I must admit, I've never really doubted my faith. I mean, I've entertained thoughts from time to time that this might not be real. That God might not exist. That this whole thing could be made up. But the thoughts are fleeting, always. There's a part of my brain that recognizes, in a distant kind of way, that it's possible this isn't true, but none of my brain or experience can believe that, having far too much evidence that God, Jesus, this whole thing-- is real.
My doubts have never been in Jesus. My doubts have been about the church. I struggle with the people. I've never understood 1 John 4:20, "If anyone says, 'I love God,' and hates his brother, he is a liar; for he who does not love his brother whom he has seen cannot love God whom he has not seen." To me, it is sometimes the very fact that we can see our brothers and sisters that makes it difficult to love them.
The chapter Easter Doubt is about knowing that you're not alone. It is about her hope that those who doubt would have community that makes space for those doubts. And that those who doubt who do not have supportive communities would simply realize they are not the only ones.
And I cried.
I cried because, while I have not doubted my faith, I've felt alone. I've stood in churches where I once felt welcomed and then felt that I didn't belong. I've stood in churches and looked around and realized I didn't know more than a handful of people anymore. (Which, I imagine, might not be such an odd experience for the college-and-career group in a younger congregation. People go to school, get jobs, get married. Change services, change churches, move...) I've looked around to realize that the few who I recognize don't really know me, and that, often enough, I don't feel comfortable being known. And that I especially don't feel comfortable being known by these people.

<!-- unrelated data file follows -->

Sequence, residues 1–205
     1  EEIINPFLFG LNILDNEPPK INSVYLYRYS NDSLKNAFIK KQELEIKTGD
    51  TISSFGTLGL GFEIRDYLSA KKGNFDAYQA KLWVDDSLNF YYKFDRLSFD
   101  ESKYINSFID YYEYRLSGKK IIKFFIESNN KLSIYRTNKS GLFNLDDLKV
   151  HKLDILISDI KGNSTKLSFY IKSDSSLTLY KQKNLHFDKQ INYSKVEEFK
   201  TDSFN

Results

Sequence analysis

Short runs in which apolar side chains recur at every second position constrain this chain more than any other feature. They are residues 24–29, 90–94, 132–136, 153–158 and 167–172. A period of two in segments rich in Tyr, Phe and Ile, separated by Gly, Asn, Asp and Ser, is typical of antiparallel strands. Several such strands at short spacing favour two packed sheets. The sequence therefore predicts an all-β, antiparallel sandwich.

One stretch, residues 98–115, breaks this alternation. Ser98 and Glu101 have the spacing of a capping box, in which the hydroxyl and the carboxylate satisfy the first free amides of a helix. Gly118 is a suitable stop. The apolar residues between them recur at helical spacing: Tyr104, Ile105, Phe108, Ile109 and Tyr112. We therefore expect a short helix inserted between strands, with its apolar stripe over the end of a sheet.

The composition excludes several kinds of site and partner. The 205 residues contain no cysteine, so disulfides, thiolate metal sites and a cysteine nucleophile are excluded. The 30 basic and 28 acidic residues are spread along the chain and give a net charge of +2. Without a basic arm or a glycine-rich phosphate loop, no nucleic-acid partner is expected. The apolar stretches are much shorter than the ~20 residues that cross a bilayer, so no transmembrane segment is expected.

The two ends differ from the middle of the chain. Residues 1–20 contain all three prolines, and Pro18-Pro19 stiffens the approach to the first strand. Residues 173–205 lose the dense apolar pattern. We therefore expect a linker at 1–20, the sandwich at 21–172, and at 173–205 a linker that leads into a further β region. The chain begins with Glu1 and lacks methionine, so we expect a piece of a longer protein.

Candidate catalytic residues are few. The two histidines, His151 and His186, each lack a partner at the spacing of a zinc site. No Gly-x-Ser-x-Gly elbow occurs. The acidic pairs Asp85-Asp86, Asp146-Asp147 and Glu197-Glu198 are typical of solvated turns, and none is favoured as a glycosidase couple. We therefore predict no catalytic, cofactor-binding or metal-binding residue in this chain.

Experience tells me that the way I think, the things I do, will likely offend them. They won't like me. They'll judge me. And I'll feel more alone than when I started. I keep to myself because I so desire community. I keep to myself because experience tells me that the only people who will accept me are the people who are like me themselves. So I read, I blog. And I begin to feel less alone, I begin to feel like I belong somewhere.
But the hurt grows. The community I've found exposes me to other hurts. Other corners of hurt and exclusion that I have never faced myself. I hurt for them, too. I hurt because of the unity I experience with my fellow outcasts. And I hurt all the more because I still feel like we are outcasts. I have walked into churches feeling judged the entire time I was there. I have been too sick with chronic illness and pain and fatigue to go to church. I have also had days where it was just too emotionally painful to be in church because I have felt so judged. And, when I went back, I felt judged because I hadn't been there. Damned if you do, damned if you don't...
Have you felt this way too? What are the things keeping you-- physically or emotionally- from connecting with the community of the church?
To Be Continued...